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Growing is a normal part of life. Growing pains aren’t. We help treat kids with growing pains so they can get back to being their happy and active selves.

Sever’s disease is the most common cause of heel pain in children aged 8-14 years. Don’t worry, Sever’s is not a true disease, but a temporary condition that affects growing children. Despite what you may have heard, growing pains are treatable and should not be ‘put up with’ while kids are in pain. Fortunately, it’s an easy one for our Podiatrists to treat.

 

What causes Sever’s disease?

All growing bones have growth plates at the bone ends. These growth plates are where the body adds new bone to elongate our bones. As the growth plates aren’t as strong as the surrounding solid bone, they can be vulnerable to irritation and damage if placed under repetitive tension and strain.

In Sever’s disease, the heel bone (calcaneus) grows faster than the muscles and tissues that attach to it, including the Achilles tendon, which connects to the back of the heel bone. As the tight Achilles repetitively pulls on the back of the heel, it irritates the nearby growth plate, and pain starts. As the tension and pulling from the Achilles is increased during running, jumping and physical activity, the symptoms of Sever’s often start during or after sports.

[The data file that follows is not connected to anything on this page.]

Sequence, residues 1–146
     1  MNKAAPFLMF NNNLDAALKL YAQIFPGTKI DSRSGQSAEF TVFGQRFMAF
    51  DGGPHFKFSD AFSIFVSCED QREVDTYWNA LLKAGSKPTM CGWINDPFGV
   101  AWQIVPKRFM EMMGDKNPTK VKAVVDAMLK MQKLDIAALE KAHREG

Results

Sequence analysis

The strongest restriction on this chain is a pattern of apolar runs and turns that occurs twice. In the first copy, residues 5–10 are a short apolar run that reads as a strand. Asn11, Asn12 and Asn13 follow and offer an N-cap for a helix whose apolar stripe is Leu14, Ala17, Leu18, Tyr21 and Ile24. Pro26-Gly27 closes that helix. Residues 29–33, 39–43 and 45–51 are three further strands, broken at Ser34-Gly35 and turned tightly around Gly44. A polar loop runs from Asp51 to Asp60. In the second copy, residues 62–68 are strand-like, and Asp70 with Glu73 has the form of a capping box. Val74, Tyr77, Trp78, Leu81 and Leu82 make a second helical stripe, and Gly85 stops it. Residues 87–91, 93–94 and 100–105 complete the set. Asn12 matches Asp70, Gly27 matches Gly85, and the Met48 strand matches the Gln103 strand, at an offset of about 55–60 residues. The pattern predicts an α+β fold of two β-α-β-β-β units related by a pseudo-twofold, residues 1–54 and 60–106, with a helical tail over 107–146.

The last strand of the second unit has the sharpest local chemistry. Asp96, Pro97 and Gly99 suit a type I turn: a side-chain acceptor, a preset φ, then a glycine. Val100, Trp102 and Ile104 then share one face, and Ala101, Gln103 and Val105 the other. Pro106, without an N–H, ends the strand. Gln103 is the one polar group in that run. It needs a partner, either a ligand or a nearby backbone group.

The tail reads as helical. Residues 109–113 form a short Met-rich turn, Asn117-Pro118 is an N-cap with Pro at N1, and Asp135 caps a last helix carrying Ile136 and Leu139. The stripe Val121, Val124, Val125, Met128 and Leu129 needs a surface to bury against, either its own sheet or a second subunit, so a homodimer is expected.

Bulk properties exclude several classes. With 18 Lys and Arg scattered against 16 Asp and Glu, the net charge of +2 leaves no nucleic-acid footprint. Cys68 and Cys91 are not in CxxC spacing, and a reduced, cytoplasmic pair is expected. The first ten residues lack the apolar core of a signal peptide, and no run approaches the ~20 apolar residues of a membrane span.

Once we reach full maturity and stop growing, our growth plates turn to solid bone, which is why growing pains are only experienced by children. Until then, however, Sever’s can be very painful and will limit their participation in sports and exercise.

Sever's Disease X-raySymptoms may include

  • One-sided or bilateral heel pain
  • Heel pain during physical exercise, especially activities that require running or jumping
  • Increased pain after exercise
  • A tender swelling or bulge on the heel that is painful to touch
  • Limping
  • Calf muscle stiffness first thing in the morning

How we treat Sever’s Disease

We know that children’s feet need special attention from an early age to ensure fewer problems later in life.

Our team has treated thousands of young people with this Sever’s Disease. Each patient is different and there are often subtle problems with the way the feet and legs are functioning that exacerbate the pull and tension at the back of the heels.

When these problems are addressed, we often see a significant pain reduction and a return to sport within a few days – not months. At My FootDr, we use video gait assessment software to identify these subtle mechanical problems that may be missed during a visual walking assessment.

Your Podiatrist may recommend custom-made orthotic foot supports to help treat Sever’s Disease. Our orthotics are prescription-made for each patient, big or small, to manage their specific foot, leg and back problems.

 

My FootDr’s top tips for treating Sever’s Disease

  1. Seek a diagnosis from your Podiatrist
  2. Encourage kids to rest, recover, stretch and follow strengthening exercises provided by their Podiatrist
  3. Choose the right footwear for your child’s feet
  4. Wear custom foot orthotics if prescribed by your Podiatrist
  5. Commit to an annual check-up to help prevent problems before they start